Guest Bloggers

The mind can’t tell the difference . . .

Today’s guest blogger is the extraordinary Brad Yates, Emotional Freedom Technique Tapping (EFT) instructor. Reposted from his 8/19/2019 Email. Reviewing the Past In spite of all the encouragement to live in the present or focus on the future, most of us are likely to still spend a fair amount of time reviewing the past. And, more often than not, the moments we dwell on are not necessarily the highlights. It’s normal … but it isn’t without cost. Because the mind can’t tell the difference between something that is real and something that is imagined, just thinking about past troubles triggers the same chemical reactions and the same uncomfortable feelings. Given that we create our reality based on what we are feeling, you can see where this could be problematic. Each time we go through those unpleasant experiences, we hardwire those memories and feelings more firmly, making it more likely we’ll keep…

Just Write

Freewrites: Opening Doors to Discoveries

Notes from Marlene Cullen’s talk about freewrites. Scroll down for links about how to use freewrites and how to write about difficult subjects without adding trauma. I gave a talk about freewrites at the Redwood Branch of the California Writers Club. I’m sharing my notes so you, too, can enjoy the freewrite method of writing. I love freewrites because they are so . . . freeing. Freewrites can open doors to discoveries. I was thrilled to discover freewrites, unlike short story and novel writing, this was something I could do. I hope these tips help make your freewrites fun and successful in inspiring your writing.  What is a freewrite? A freewrite is writing spontaneously with no thinking. Just putting down word after word, with no worries about spelling, punctuation, how it will sound, and no worries about the final product. Sometimes when you are engrossed in your writing project and…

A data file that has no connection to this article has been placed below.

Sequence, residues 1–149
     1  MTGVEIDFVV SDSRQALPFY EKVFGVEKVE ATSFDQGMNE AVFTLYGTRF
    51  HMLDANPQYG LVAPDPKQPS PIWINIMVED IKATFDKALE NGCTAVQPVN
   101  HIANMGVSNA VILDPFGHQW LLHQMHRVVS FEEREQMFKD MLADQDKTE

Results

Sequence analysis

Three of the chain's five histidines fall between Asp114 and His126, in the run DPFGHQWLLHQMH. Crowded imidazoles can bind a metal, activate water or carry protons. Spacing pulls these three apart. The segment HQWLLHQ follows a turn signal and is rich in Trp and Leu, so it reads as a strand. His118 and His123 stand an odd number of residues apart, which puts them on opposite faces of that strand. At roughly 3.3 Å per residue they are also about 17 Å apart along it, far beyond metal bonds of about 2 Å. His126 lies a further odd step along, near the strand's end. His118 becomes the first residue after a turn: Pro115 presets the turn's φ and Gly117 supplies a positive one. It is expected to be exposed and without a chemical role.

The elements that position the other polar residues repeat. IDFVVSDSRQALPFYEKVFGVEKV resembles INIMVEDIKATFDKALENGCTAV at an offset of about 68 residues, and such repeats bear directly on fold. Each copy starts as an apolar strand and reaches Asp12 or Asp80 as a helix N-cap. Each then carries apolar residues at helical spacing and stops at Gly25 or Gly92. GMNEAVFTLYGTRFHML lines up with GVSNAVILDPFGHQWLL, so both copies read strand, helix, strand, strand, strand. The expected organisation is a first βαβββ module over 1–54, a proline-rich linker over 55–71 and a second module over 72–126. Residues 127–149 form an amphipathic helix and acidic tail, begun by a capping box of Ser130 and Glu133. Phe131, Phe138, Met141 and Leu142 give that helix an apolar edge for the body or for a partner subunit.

Prompts

Write Your Story. Prompt #436

An article in the Mail Tribune, Medford, Oregon, September 14, 2006 described how Betty Henshaw wrote about her childhood in the Oklahoma hills and her family’s move to California.  Author Sandra Scofield read a collection of Betty’s work and said her history needed to be in the hands of a university press. Texas Tech University Press published her story and Betty did a book tour in 2006. Here’s an excerpt from that newspaper article. “The family hired an auctioneer and sold their cows, horses, pigs, chickens, farm tools, the potatoes in the barn and the home-canned fruits and vegetables. Mama kept her sewing machine. The next morning I helped herd the younger children into the truck before first light. Daddy and Robert had placed a feather mattress on the pickup bed. The babies crawled to the back, grabbed a pillow each, and rolled up in quilts. Sadness washed over me…

Prompts

Write what is hard to admit. Prompt #435